Posts Tagged ‘academia’

Time to shake things up

In September 2016 on September 29, 2016 at 12:17 pm


Sarah: In April this year I wrote an off-the-cuff post about career pathways and dreams for my future.

Little did I know what was around the corner! I’m delighted to report that this month I will start a new role as Adelaide Life Sciences Editor with The Conversation Australia.

So what’s The Conversation? Taken from their website:

The Conversation is an independent source of news and views, sourced from the academic and research community and delivered direct to the public.

Our team of professional editors work with university, CSIRO and research institute experts to unlock their knowledge for use by the wider public.

My job will be to work with researchers to help them craft well-written, accessible and news-worthy articles that anyone can read for free.

It will be a busy, exciting and quite demanding role, so please bear with me as I settle in and work out my new modus operandi for blogging and social media.

Vive le changement!


Etching out a track in science

In October 2014 on October 27, 2014 at 12:48 pm

Kirsti career science

Kirsti: Last week Radio National’s Life Matters show featured a segment on early career researchers. Natasha Mitchell posed the question,

“Are we at risk of losing a generation of young scientists?”

I say yes, we are.

If you are under the age of 60 and in science, I’d suggest you listen to the podcast of that show. It chews the fat on some very important issues for science in Australia, for individuals in an already volatile labour market but also those trying to understand our planet, our place in it, and our potential to shape it.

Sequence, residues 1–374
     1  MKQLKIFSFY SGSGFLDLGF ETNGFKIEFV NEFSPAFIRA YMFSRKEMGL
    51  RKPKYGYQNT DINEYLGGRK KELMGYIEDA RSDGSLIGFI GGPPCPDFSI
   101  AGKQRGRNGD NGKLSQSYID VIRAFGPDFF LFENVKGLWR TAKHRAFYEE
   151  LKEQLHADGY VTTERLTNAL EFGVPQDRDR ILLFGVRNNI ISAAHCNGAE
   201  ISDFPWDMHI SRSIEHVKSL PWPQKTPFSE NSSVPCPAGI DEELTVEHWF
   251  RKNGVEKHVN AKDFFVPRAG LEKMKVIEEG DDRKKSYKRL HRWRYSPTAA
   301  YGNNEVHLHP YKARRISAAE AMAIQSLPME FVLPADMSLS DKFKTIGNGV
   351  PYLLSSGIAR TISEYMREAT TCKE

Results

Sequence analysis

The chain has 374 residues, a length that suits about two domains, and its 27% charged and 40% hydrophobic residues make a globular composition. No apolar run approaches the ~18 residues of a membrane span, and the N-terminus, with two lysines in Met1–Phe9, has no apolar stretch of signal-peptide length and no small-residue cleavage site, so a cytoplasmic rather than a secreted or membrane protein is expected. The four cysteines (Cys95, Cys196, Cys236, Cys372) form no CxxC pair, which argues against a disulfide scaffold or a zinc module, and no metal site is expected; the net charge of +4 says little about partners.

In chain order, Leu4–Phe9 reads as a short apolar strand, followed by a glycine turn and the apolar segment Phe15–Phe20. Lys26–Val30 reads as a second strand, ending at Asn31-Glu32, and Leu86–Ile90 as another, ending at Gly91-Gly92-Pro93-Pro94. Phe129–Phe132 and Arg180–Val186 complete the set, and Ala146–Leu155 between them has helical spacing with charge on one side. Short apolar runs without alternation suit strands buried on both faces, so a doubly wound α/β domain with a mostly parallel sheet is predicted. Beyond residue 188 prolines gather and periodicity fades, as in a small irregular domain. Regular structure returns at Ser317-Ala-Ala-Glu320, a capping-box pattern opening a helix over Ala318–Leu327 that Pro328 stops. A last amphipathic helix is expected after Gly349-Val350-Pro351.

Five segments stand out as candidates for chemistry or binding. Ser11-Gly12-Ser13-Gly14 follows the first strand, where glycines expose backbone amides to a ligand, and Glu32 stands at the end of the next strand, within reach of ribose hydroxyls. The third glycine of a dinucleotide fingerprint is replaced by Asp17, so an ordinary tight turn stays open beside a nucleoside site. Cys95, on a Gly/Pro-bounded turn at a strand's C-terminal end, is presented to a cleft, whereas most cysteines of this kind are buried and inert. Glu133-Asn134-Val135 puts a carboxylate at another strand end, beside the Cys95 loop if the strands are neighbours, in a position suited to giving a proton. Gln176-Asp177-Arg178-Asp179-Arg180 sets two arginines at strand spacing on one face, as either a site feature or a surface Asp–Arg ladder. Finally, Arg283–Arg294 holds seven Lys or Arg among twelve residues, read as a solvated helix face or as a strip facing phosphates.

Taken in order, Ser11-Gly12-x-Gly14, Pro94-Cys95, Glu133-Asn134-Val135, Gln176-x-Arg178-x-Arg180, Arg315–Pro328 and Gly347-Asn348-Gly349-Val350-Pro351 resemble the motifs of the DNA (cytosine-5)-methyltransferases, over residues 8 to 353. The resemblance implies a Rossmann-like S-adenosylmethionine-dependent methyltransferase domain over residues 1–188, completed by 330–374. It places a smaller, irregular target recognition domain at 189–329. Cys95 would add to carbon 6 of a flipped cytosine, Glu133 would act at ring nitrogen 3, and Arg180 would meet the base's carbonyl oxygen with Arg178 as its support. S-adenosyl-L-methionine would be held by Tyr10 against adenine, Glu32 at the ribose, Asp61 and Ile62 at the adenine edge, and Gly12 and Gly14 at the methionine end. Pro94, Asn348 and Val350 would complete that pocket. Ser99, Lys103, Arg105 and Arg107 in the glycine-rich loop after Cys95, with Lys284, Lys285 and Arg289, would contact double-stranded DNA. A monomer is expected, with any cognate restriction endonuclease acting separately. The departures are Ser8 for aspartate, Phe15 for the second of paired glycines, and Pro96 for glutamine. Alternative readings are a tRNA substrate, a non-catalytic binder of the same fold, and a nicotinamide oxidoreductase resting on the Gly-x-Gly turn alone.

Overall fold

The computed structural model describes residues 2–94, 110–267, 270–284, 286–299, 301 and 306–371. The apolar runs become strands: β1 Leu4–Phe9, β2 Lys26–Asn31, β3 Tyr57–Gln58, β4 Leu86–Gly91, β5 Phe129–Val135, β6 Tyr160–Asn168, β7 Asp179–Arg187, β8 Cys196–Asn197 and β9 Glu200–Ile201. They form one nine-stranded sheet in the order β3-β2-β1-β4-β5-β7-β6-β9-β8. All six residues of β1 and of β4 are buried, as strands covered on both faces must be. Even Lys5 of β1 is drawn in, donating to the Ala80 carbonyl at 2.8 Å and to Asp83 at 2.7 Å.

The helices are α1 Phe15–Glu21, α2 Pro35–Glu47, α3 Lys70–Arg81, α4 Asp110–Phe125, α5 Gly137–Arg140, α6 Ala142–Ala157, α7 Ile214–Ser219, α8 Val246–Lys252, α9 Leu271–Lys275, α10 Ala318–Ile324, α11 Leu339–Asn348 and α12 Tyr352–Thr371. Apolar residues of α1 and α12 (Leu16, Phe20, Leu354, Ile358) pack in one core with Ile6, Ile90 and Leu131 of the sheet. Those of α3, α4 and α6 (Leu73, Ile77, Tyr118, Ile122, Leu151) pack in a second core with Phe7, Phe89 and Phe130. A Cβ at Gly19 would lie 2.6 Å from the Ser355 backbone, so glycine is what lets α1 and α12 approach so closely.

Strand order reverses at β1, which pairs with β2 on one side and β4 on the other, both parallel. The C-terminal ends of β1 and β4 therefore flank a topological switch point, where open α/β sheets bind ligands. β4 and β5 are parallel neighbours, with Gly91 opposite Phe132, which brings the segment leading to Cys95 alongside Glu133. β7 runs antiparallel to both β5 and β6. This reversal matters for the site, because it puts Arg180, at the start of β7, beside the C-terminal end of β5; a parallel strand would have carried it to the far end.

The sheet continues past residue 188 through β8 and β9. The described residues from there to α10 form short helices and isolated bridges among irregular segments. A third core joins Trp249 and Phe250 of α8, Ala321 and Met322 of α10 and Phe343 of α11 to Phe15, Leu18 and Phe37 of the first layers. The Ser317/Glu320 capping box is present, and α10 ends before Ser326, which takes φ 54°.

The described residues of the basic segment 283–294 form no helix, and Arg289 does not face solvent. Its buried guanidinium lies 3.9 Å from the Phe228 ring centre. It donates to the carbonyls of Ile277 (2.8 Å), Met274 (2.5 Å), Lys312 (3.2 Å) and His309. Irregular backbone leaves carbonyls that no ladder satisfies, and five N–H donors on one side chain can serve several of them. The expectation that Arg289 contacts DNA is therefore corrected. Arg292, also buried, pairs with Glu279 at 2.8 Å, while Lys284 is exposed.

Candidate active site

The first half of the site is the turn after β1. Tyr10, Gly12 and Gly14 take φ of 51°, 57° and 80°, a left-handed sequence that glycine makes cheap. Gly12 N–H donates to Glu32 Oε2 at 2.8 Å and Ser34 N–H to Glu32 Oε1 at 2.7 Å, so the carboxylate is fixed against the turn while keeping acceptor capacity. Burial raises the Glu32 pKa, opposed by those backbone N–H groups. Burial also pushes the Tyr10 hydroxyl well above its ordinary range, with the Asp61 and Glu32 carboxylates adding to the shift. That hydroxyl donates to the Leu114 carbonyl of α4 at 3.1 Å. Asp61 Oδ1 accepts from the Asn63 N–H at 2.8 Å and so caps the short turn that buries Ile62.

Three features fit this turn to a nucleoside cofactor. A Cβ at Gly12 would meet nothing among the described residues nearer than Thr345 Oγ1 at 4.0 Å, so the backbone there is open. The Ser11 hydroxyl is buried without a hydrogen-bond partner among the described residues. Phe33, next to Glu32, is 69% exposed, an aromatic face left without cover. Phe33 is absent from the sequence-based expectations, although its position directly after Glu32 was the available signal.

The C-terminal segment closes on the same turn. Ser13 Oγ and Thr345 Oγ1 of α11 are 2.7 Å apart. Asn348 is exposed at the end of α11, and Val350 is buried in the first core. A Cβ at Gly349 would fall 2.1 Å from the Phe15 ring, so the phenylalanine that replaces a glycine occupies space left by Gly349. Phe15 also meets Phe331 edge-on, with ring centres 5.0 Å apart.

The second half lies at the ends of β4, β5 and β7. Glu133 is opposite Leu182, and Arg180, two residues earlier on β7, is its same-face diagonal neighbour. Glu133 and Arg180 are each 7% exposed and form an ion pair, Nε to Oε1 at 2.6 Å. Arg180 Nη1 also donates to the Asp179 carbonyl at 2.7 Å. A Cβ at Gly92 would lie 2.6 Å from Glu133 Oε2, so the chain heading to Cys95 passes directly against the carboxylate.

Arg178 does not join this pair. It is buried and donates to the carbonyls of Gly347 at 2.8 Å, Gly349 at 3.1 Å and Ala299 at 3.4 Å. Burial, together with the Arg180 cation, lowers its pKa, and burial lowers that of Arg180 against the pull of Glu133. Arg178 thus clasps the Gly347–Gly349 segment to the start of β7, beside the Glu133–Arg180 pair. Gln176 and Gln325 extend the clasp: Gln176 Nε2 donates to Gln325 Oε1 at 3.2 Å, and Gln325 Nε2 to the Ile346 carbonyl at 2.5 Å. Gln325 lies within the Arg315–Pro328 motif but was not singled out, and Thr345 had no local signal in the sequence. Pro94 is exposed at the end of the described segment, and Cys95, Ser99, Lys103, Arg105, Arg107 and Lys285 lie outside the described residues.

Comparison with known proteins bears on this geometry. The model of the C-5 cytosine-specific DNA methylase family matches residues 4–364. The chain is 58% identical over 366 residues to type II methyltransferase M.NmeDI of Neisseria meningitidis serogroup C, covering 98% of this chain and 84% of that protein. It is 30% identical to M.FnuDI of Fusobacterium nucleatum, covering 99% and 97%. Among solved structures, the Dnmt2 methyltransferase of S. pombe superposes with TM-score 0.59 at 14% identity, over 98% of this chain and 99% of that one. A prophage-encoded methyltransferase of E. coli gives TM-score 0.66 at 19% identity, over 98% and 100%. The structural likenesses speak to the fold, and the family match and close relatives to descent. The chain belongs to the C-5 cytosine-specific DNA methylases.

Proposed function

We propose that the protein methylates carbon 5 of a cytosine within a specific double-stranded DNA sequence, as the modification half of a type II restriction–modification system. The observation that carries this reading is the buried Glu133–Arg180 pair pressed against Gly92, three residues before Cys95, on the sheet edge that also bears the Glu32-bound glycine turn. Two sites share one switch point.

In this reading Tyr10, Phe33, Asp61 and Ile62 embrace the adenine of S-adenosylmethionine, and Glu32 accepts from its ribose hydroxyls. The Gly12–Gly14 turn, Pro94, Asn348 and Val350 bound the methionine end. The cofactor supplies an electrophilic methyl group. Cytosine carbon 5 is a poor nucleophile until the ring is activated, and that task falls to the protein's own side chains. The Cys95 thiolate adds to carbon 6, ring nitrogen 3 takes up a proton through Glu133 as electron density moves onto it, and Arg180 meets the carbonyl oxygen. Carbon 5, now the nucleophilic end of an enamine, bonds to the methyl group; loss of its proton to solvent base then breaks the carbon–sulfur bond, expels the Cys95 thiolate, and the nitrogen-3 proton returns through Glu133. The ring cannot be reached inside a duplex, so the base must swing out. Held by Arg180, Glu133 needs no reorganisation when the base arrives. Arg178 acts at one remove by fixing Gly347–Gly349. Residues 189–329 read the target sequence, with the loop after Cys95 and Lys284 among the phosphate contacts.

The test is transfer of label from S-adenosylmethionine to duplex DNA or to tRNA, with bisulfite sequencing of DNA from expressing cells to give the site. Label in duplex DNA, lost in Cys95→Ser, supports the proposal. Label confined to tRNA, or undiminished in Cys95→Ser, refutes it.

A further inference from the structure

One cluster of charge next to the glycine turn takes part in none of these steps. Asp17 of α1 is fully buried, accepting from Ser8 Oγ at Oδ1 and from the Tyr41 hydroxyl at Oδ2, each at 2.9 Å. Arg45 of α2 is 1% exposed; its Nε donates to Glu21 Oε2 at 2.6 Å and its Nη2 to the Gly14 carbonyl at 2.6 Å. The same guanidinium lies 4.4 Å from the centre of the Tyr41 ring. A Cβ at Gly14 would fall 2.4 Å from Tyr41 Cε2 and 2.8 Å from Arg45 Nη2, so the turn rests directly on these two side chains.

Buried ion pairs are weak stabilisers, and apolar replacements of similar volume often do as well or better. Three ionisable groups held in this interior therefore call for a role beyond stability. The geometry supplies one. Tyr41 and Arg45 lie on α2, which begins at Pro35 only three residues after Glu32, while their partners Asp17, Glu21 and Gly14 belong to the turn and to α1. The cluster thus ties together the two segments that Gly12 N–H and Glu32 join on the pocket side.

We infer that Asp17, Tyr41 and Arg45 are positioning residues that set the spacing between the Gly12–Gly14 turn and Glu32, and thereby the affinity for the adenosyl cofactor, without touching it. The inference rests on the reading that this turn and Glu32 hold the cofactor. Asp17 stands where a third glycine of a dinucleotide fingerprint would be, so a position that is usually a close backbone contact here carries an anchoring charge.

Insecure short term contracts, tightening of funding for science, and lack of generational change in research teams were the main topics that were tackled on the show. There was also resounding consensus by the interviewees that etching a career in research in Australia at this time is hard.

Casualisation of the academic work force is happening all over Australia. I know, as I am directly impacted — partly by choice, partly not. I believe the shift to casual employment undermines the skills and value of workers, and provides no means of progressing upward. Furthermore, there is little to no opportunity to build a cohesive academic culture with casuals. Typically they don’t feel motivated to become a ‘real’ part of an institution that doesn’t want them ‘officially’, but is willing to exploit their talents for a teaching semester (or 12) or a special project. Needless to say, this is extremely damaging to scientists and – going beyond remuneration – it helps to maintain what Doug Hilton from the Walter and Eliza Hall Institute for Medical Research in Melbourne calls ‘perpetual scientific adolescence’, or the ‘career neverland’.